I recently started a “pen-pal” (i.e. internet-free) relationship with a guy from
This is how I used to do it—sending packages of zines, flyers, records and tapes for trade with people around the
With “Punk Is Dead, Punk Is Everything,” there’s a lot to take in and, much like the chaotic nature of this music, it’s presented in such a fashion. No images on a page can completely put you there but I think it still captures punk’s essence. You can tell this book was created by someone whose own life was irrevocably touched by this music, much like this author and I’m sure many of the people reading this piece..
OUT OF VOGUE: hardcore punk live shots by Patrick Baclet, Syntax666. Katzwanger Hauptstr 42 , 90453
Patrick refers to his photography as “analog,” i.e. without the use of digital technology and I have to say the photos here (all in black and white) do display a warmth and depth that the digital image doesn’t often deliver. I suppose it’s the same argument regarding vinyl vs. digital formats and Patrick falls into the former camp on that topic as well. Except for a brief intro where he explains the purpose of the book which, simply, “to show a variety of important hardcore and punk bands through my works of 14 years,” the only other written material comes at the end, where he gives a brief biographical sketch and describes the equipment he used, which is pretty basic. No commentary accompanies the photos and, truth be told, it’s really not necessary. I’m far from an expert on photography—I just point and shoot my digital camera and hope I get a decent shot--but, while some photos have a straight-forward design, others use different effects such as blurring (if that’s the appropriate term).
The photos are set against different backgrounds which occasionally include band lyrics or names and, in the case of Fucked Up, the 12” label for “Generation.” All the photos were taken in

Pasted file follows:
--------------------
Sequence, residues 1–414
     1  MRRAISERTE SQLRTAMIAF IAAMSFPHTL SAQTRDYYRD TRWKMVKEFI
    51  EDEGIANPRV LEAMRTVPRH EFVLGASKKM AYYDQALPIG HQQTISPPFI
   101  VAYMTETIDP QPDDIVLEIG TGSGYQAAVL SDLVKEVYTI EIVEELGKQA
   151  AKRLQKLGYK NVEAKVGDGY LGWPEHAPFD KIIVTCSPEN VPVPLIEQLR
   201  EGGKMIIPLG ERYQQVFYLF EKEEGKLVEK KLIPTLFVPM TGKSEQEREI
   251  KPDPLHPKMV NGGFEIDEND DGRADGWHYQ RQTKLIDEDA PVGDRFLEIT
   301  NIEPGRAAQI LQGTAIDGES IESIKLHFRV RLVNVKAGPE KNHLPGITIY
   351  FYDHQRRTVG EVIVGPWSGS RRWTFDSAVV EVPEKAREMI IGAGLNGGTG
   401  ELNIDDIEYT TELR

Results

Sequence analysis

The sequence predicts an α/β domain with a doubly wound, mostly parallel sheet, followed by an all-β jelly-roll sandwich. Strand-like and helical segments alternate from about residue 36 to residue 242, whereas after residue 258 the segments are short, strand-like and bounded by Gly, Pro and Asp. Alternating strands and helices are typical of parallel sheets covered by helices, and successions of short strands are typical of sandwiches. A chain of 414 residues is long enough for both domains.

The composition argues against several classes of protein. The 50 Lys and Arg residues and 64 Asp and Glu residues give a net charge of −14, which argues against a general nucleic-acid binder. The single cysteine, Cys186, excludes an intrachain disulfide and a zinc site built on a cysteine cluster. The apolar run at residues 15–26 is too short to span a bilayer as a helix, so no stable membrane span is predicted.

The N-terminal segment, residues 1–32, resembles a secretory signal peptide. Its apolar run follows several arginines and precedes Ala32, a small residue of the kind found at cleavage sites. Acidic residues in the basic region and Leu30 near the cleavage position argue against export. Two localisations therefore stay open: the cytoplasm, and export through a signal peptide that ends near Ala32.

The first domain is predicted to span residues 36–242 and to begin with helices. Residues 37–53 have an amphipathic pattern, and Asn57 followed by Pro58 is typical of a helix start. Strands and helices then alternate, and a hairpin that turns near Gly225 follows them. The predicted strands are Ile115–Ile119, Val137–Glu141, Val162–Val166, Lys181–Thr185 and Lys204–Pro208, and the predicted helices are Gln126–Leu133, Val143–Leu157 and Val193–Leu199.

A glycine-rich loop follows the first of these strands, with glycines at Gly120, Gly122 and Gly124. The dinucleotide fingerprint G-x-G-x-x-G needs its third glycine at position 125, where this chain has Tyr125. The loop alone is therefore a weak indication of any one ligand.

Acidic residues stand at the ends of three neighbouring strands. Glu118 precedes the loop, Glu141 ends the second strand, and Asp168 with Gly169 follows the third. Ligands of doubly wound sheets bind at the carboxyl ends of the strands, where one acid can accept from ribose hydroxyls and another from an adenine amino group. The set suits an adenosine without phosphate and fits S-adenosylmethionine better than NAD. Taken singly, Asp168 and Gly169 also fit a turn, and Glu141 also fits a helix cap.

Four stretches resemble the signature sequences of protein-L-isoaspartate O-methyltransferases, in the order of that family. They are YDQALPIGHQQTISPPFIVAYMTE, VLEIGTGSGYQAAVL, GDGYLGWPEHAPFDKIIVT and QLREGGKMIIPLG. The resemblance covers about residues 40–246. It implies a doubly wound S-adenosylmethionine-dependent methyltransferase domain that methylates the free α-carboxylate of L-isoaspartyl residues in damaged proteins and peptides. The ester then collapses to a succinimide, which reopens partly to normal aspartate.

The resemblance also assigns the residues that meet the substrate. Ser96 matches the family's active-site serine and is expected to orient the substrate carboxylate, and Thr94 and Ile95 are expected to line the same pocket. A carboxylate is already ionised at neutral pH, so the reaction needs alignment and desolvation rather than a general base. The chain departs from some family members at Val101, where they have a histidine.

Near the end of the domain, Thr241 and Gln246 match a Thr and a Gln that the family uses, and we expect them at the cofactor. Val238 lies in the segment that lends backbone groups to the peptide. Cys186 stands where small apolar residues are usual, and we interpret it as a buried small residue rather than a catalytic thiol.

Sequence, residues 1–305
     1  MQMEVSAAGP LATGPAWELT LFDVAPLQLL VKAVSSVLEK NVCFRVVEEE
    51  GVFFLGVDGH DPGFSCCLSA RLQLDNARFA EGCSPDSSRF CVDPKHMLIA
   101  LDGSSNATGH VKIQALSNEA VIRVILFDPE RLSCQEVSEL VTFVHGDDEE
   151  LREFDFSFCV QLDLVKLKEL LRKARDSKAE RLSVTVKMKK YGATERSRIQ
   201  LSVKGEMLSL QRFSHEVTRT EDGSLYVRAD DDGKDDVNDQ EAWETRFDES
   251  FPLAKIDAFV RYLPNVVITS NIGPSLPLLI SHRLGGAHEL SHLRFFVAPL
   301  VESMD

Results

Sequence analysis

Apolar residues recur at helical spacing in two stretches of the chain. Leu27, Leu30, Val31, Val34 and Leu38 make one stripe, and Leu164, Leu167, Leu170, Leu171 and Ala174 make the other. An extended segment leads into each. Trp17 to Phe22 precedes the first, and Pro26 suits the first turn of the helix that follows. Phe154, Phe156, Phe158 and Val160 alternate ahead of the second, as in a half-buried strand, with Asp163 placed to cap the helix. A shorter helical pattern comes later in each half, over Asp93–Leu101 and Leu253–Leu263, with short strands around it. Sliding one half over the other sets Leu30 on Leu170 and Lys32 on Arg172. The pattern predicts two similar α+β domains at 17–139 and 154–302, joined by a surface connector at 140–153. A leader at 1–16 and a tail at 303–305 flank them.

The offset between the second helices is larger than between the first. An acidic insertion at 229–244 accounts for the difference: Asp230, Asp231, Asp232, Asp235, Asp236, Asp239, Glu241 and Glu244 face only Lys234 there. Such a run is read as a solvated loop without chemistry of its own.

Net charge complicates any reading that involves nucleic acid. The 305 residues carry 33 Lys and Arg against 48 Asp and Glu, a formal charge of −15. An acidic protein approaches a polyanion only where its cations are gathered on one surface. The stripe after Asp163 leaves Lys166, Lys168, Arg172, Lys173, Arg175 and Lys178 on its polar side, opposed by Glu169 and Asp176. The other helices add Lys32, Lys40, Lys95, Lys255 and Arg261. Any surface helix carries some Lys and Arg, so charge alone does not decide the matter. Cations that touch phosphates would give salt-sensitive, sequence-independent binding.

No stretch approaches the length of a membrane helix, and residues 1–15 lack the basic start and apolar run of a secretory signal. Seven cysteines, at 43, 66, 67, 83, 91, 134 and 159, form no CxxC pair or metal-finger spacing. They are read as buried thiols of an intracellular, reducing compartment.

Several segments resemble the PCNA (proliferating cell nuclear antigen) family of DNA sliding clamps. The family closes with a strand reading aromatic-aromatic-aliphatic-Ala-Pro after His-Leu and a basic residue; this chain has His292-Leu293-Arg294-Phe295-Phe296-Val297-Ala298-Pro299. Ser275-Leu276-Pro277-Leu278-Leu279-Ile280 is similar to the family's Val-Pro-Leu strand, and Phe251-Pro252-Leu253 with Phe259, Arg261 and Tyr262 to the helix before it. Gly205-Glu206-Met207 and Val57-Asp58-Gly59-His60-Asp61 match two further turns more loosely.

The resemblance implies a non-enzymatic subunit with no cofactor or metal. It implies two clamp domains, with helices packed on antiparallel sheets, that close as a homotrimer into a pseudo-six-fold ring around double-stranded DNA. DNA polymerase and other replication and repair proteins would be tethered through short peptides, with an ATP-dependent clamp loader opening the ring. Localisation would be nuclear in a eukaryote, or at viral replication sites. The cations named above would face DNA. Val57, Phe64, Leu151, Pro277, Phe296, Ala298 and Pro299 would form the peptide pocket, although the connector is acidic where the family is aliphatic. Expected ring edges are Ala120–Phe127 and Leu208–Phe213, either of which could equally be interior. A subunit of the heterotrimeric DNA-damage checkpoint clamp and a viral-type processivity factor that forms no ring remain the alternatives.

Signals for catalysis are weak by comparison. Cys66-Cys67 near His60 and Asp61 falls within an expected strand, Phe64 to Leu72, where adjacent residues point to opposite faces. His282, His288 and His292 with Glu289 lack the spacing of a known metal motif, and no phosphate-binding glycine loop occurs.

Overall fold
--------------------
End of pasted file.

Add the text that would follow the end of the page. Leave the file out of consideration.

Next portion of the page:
Akutare hail from
BAD CHOPPER-s/t (ACME, CD)
Bad Chopper had a 7” under its former name Warm Jets a few years ago and the b-side, “Diabla,” was a killer. With the name-change comes their first album and this band, which includes CJ Ward (aka Ramone) on vocals and bass and Out Cold’s Mark Sheehan on drums and rhythm guitar, bash out basic, sturdy three chord punk rock ‘n roll with a Noo Yawk vibe. In fact, there’s not a lot of differentiation from song to song except for the harder-driving rant of “Why” (with Mark on vocals). The minute I hear the lead guitar lick for “Sick Of It,” it makes me think of the Heartbreakers and, lo and behold, Walter Lure from that band is playing it. Daniel Rey, onetime Ramones producer (and guitarist for Shrapnel back in the day!) contributes guitar on a few songs, as well. CJ’s vocals have a swagger and arrogance, a little overbearing at times but appropriate for the material and it’s made up for with the searing buzz here. And “Headshot” is the first punk rock song I can recall referencing Watergate criminal/talk radio host G. Gordon Liddy. (
CONCRETE FACELIFT-Loud Fast Raw (Welfare, CD)
Thrash thrash thrash by CFL, currently on hiatus and leaving behind this quick-paced effort. The songs, as with their past releases operate mainly at a hyper speed, although there are some breakdown and slower passages. “Loud Fast Music,” for instance has an ominous intro and “I’m Not Done” medium speed, interspersed with the thrash, stands out a little more than the rest of the songs. An endearing boil-over quality to these songs, even if it gets monorhythmic on occasion and the drums suffer from some tinniness. Their motto could be skate, rant, party and repeat. And, having driven I-84 through
CYNICS-Here We Are (Get Hip, CD)
The first Cynics album in some years and, as a long-time fan, it’s something of a disappointment. Let’s do a little comparison. “Rock ‘n Roll,” which is their benchmark album (in my humble opinion), starts with the fuzz-buzz of “Baby What’s Wrong.” This time, it’s an acoustic guitar that introduces the album’s title track and a ballad is never a good way to begin. While there’s some cuttin’ loose for “Coming Round My Way,” there’s not a whole lotta rawwnch evident until “Last Mistake.” That starts a trio of ferocious rockers, along with “Hard To Please” and “What She Said.” Those are the Cynics I know and love but that’s the exception here. The rest of the time, there are fair-to-middling forays into Who/Creation-ish pop (“The Ring,” which is actually pretty good), Byrdsy-inspired psychedelia (“Me Wanting Her”) and soul w/horns (“All About You”) ending on another soft note, with the piano ballad “Courtney.” Come to think of it, “Rock ‘n Roll” ended with a ballady whimper, as well. Interestingly, all the songs are originals—usually, garage inspired bands throw in a cover or two—so that’s unusual. Ultimately, while there are moments, “Here We Are” really doesn’t hold a candle to the band’s classics. Even this album’s predecessor, “Living Is The Best Revenge” packed a wicked punch helped along, no doubt, by Tim Kerr’s production/guidance. (